Energy & Its Impact on Global

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8 Νοε 2013 (πριν από 3 χρόνια και 9 μήνες)

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Energy & Its Impact on Global
Society

Jerome K. Williams, Ph.D.

Saint Leo University

Fall 2013

Chapter 7: Energy from Fossil Fuels


Resources & Terminology


Coal


Oil


Natural Gas


Future Sources of Fossil Fuels


Resources & Terminology


85% commercial energy resources used in
world come from fossil fuels (oil, coal, natural
gas)



Supply of fossil fuels is running out

Resources & Terminology


To Categorize types of oil reserves, one uses a
McKelvey Diagram

Resources & Terminology


Reserves

are defined as those resources that
are well known through geological exploration
and are recoverable at current prices



Proven reserves


Indicated reserves


Inferred reserves


Table
7.1
. World and United States Proven Reserves 2008

Resource

World

United States

Lifetime

Oil

1342 x 10
9

bbl

7.7 x 10
18

Btu

29.4 x 10
9

bbl

0.13 x 10
18

Btu

10 years

Natural Gas

6254 x 10
12

cf

6.1 x 10
18

Btu

237 x 10
12

cf

0.24 x 10
18

Btu

12 years

Coal

0.93 x 10
12

tons

23 x 10
18

Btu

0.26 x 10
12

tons

6.4 x 10
18

Btu

230 years

Oil Sands

525 x 10
9

bbl

2.9 x 10
18

Btu

32 x 10
9

bbl

0.17 x 10
18

Btu

12 years

Shale

Oil

3300 x 10
9

bbl

18 x 10
18

Btu


2000.4 x 10
9

bbl

11 x 10
18

Btu


800 years

Source: US Energy Information Administration

Coal


World’s most abundant fuel



US called “Saudi Arabia” of Coal



Coal resources:

3 trillion tons


80% total fossil fuel reserves in US


23% of US energy needs (electricity)

Coal


Classification or Ranks Coal: based on carbon
content found in coal



Lignite


Subbituminous


Bituminous


Anthracite

Table
7.3.
World and United States Proven Reserves 2008

Rank

Carbon (%)

Energy Content (Btu/
lb
)

Lignite

30

5,000
-
7,000

Subbituminous

40

8,000
-
10,000

Bituminous

50
-
70

11,000
-
15,000

Anthracite

90

14,000

Source: US Geological Survey Bulletin, 1412 (1975)

Coal


Coal Extraction: Strip Mining Videos



http://www.youtube.com/watch?v=euhbkoFik_8


http://www.youtube.com/watch?v=kbUV7i3KEME


Coal


Extracting Coal: Strip Mining & Ramifications



Environmental


Social


Economic


Political

Oil


World appetite for oil continues to grow



(2009) 86 MBPD consumption per day


US consumes 25% of this total; 57% imported oil



Oil use dates back to Biblical times & has been
used by many cultures (e.g., heating, lighting,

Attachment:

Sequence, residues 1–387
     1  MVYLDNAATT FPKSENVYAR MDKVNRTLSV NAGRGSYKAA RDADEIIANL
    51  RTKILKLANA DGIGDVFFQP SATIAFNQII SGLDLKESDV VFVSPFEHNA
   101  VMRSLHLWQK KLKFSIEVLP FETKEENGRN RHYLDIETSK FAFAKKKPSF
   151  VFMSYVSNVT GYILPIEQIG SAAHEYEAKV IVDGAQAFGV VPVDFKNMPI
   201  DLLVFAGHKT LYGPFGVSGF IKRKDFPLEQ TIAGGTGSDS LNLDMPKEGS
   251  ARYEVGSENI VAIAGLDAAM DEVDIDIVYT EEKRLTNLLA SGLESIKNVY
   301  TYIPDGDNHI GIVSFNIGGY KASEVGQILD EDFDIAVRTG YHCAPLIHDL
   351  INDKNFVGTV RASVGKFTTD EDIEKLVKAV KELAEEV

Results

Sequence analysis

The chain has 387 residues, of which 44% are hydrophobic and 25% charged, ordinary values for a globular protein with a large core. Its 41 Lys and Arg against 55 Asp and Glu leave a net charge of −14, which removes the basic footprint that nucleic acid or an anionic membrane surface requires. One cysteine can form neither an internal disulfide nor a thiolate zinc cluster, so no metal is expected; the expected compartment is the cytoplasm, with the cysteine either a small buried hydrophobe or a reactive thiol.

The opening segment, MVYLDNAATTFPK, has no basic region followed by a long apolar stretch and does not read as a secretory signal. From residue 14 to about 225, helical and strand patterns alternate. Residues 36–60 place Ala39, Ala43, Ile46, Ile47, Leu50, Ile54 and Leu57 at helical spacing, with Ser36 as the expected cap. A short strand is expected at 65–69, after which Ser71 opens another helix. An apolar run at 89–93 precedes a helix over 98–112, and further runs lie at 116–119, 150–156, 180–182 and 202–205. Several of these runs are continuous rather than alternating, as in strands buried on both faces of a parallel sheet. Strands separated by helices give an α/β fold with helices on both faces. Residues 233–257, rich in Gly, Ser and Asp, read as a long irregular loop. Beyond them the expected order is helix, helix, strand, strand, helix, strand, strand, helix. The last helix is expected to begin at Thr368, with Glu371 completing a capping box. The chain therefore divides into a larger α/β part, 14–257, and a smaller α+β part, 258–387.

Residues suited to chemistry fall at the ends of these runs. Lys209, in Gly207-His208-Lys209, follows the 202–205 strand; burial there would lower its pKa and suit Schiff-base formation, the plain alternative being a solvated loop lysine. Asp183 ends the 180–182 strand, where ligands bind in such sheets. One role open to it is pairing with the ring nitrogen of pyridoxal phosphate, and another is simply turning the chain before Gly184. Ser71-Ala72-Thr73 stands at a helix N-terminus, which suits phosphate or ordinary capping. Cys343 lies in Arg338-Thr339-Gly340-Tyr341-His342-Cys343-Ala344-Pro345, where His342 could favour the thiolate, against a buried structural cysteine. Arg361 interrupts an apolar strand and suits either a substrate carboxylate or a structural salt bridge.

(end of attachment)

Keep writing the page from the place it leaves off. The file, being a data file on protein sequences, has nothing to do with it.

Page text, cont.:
medicine, roads)

Oil


Petroleum is complex mixture of hydrocarbons
(compounds of carbon and hydrogen)



Contents: crude oil, natural gas and semi
-
solids



Originates from decay of organic material,
usually marine life that is buried over many
millions of years under ocean sediment

Oil


Petroleum’s use dates back to Biblical times;
applications found in many cultures


heating, lighting, medicine, waterproofing, roads



By
-
products isolated by refining process. Heat
mixture and pass it into large fractionating
tower where separation by boiling point
occurs

Oil


Products from tower are further treated to
produce end use items like gasoline, diesel oil,
jet fuel, heating oil, etc.





Oil


Search for oil is getting harder due to most
large land deposits are already known



Most increases in US reserves expected to
come from offshore drilling; makes sense due
to petroleum originating from decaying
marine matter





Oil


Challenges to Offshore Exploration


Environmental


Political


Economic




Natural Gas


Mixture of light hydrocarbons, primarily
methane



Formed from decayed organic matter



Categorized as
nonassociated

gas

or
associated gas


Natural Gas


Pipeline system required to transport gas (US:
300,000 miles pipeline)



Advantages:


Relatively inexpensive compared to gasoline


Cleaner
-
burning fuel (less CO
2

released)


Readily available


Natural Gas


Uses:


Space heating


Water heating


Fuel (industrial boilers, electricity producing gas
turbines, and chemical feedstock)


Natural Gas


World Reserves:

6200
tcf


60 year window (assume Rate = 108
tcf
/year)


Russia, Iran, Qatar have largest reserves


US: 50% natural gas found in Gulf Coast region


Natural Gas


Advances in Technology have allowed US to
find and use indicated reserves of natural gas:


New drilling techniques (Hydraulic fracturing)


Gas Hydrates found underneath oceans & in
permafrost of Arctic


Transportation difficulty overcome by shipping
natural gas in liquid state (called liquefied natural
gas or LNG)

Future Sources of Fossil Fuels


Gasification of Coal


Liquefaction of Coal



Oil Shale




(US)


Tar Sands or Oil Sands

(Canada)

Problems


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